Thursday, 4 August 2016

A Random Walk Down Wall Street - Part Two 2: How the Pros Play the Biggest Game in Town

Chapter 7. Technical analysis and the Random walk theory

1. I personally have never known a successful technician. Technical analysis is anathema to the academic world.

2. Chartists believe momentum exists in the market. The “technical rules” have been tested exhaustively. The results reveal that past movements in stock prices cannot be used reliably to foretell future movements. The stock market has little, if any, memory. While the market does exhibit some momentum from time to time, it does not occur dependably and there is not enough persistence in stock prices to overwhelm the substantial transactions costs involved in undertaking trend-following strategies.

3. For example, technical lore has it that if the price of a stock rose yesterday it is more likely to rise today. It turns out that the correlation of past price movements with present and future price movements is slightly positive but very close to zero.

4. Yes, history does tend to repeat itself in the stock market, but in an infinitely surprising variety of ways that confound any attempts to profit from a knowledge of past price patterns.

5. The market is not a perfect random walk. But any systematic relationships that exist are so small that they are not useful for an investor.

6. Not one has consistently outperformed the placebo of a buy-and-hold strategy. Technical methods cannot be used to make useful investment strategies. This is the fundamental conclusion of the random walk theory.

7. Chartists recommend trades – almost every technical system involves some degree of in-and-out trading. Trading generates commissions, and commissions are the lifeblood of the brokerage business. The technicians do not help produce yachts for the customers, but they do help generate the trading that provides yachts for the brokers.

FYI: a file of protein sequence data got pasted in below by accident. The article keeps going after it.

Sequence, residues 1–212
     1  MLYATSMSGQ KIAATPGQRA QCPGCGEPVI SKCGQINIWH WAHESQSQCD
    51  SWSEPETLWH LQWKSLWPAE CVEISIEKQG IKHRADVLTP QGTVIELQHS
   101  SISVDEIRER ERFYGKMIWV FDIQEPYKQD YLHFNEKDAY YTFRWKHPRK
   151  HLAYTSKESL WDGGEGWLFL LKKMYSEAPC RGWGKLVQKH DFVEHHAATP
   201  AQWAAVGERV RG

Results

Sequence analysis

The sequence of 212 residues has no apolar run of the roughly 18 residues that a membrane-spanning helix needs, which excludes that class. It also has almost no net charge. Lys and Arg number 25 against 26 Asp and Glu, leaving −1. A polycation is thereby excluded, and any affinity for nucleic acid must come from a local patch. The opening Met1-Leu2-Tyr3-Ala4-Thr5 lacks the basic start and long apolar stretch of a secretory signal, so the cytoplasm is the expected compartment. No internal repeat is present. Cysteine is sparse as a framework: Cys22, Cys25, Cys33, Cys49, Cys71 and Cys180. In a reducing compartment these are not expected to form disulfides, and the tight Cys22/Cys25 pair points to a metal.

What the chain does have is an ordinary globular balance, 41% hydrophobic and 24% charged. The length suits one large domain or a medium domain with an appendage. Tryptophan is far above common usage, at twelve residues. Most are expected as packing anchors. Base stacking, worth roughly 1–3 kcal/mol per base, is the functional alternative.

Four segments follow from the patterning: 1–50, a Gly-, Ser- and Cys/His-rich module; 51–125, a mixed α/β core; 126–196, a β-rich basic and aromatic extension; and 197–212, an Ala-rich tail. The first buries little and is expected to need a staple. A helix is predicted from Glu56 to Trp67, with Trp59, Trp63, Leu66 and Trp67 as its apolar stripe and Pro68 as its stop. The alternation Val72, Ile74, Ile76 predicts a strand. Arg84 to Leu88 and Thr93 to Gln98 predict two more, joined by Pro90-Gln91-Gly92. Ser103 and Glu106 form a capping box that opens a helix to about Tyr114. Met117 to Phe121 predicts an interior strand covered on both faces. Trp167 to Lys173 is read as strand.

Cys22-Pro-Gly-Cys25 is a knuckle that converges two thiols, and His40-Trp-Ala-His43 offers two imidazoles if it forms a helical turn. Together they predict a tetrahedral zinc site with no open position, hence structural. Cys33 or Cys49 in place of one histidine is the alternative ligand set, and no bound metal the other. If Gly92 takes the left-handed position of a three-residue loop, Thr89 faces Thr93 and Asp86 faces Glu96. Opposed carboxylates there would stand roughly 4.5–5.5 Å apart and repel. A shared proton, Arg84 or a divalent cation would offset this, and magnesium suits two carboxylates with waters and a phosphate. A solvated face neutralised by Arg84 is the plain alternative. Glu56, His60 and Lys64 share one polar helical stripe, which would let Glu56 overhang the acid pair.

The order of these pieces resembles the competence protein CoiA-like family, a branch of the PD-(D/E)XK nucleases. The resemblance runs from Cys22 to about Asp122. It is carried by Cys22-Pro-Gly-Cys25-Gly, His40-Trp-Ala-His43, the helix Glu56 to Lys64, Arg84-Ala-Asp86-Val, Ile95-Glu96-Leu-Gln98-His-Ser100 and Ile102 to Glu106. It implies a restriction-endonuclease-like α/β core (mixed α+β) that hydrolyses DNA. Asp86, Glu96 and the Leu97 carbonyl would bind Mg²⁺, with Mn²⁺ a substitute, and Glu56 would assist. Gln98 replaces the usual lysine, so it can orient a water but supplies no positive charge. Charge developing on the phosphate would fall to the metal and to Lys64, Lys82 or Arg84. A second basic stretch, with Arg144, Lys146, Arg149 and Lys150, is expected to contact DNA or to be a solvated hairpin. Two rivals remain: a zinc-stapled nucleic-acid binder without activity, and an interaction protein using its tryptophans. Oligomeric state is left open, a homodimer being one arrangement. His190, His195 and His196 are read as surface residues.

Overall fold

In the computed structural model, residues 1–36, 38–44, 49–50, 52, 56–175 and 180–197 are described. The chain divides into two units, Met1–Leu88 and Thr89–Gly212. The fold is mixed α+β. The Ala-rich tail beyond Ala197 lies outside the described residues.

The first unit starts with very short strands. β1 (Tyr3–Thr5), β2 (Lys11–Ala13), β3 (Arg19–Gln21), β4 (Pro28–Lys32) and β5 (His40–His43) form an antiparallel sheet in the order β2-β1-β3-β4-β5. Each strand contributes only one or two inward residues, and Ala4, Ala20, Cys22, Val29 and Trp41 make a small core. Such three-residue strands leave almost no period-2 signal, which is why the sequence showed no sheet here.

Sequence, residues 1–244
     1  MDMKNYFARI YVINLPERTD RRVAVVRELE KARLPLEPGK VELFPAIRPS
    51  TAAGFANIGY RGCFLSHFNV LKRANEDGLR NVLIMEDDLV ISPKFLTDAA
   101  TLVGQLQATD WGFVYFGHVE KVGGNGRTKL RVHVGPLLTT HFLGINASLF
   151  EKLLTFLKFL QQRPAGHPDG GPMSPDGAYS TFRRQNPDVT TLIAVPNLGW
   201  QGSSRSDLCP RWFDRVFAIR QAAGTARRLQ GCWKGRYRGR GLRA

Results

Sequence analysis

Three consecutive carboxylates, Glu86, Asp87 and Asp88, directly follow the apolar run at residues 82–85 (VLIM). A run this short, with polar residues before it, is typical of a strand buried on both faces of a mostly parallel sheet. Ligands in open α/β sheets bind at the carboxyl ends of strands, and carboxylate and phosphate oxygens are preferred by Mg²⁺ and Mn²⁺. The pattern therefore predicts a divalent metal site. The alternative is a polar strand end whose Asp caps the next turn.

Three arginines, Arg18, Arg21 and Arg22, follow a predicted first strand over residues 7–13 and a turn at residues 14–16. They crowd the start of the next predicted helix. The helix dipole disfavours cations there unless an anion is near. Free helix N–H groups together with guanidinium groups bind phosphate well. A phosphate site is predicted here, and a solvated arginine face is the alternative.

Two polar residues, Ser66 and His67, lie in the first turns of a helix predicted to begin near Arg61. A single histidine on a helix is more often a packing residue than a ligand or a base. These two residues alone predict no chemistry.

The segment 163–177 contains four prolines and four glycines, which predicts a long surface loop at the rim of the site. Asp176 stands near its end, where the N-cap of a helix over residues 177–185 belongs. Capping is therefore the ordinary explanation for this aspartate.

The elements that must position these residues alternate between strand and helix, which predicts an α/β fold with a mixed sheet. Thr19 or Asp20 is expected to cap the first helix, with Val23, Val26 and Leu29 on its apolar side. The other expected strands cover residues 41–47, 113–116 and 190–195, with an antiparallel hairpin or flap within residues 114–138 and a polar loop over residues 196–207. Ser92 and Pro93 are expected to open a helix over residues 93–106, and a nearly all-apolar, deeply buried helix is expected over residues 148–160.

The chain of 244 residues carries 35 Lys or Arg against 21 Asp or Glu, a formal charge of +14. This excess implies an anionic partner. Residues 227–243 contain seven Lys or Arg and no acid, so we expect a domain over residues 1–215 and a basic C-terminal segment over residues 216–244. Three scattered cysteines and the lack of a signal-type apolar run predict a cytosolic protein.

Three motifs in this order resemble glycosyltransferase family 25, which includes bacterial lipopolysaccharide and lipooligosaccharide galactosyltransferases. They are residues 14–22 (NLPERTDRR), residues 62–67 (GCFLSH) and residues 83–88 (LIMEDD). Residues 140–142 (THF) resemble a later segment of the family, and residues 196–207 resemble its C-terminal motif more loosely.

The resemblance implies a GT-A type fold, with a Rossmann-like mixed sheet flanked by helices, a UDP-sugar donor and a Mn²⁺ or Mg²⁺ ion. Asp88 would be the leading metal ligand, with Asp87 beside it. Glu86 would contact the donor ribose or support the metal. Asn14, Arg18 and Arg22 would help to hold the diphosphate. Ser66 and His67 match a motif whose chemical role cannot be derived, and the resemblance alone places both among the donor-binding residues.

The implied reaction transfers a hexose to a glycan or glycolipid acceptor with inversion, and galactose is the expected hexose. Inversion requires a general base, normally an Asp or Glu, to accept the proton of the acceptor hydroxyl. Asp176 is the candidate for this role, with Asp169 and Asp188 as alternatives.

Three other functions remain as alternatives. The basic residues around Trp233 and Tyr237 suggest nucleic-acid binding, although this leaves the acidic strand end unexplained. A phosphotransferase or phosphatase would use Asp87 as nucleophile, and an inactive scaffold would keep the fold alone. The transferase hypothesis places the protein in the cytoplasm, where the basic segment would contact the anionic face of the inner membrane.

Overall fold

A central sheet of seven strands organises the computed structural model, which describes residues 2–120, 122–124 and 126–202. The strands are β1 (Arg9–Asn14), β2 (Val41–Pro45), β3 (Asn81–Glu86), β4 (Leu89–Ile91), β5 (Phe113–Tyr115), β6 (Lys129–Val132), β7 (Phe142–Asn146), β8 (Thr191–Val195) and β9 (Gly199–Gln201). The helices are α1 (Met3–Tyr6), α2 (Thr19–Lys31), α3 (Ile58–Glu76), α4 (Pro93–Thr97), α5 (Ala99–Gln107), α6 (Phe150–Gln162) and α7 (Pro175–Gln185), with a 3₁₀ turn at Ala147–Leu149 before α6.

8. Even if markets were dominated during certain periods by irrational crowd behavior, the stock market might still well be approximated by a random walk.

9. All that can be said is that the small amount of info contained in stock market pricing patterns has not been shown to be sufficient to overcome the transactions costs involved in acting on that info.

10. No technical scheme whatever could work for any length of time. Any regularity in the stock market that can be discovered and acted upon profitably is bound to destroy itself. This is the fundamental reason why I am convinced that no one will be successful in using technical methods to get above-average returns in the stock market.

11. Using technical analysis for market timing is especially dangerously. Because there is a long-term uptrend in the stock market, it can be very risky to be in cash. A study by Seybun found that 95% of the significant market gains over the 30 year period from the mid-1960s through the mid-1990s came on 90 of the roughly 7500 trading days. If you happened to miss those 90 days, just over 1 percent of the total, the generous long-run stock market returns of the period would have been wiped out. The point is that market timers risk missing the infrequent large sprints that are the big contributors to performance.

A Random Walk Down Wall Street - The Get Rich Slowly but Surely Book Burton G. Malkiel

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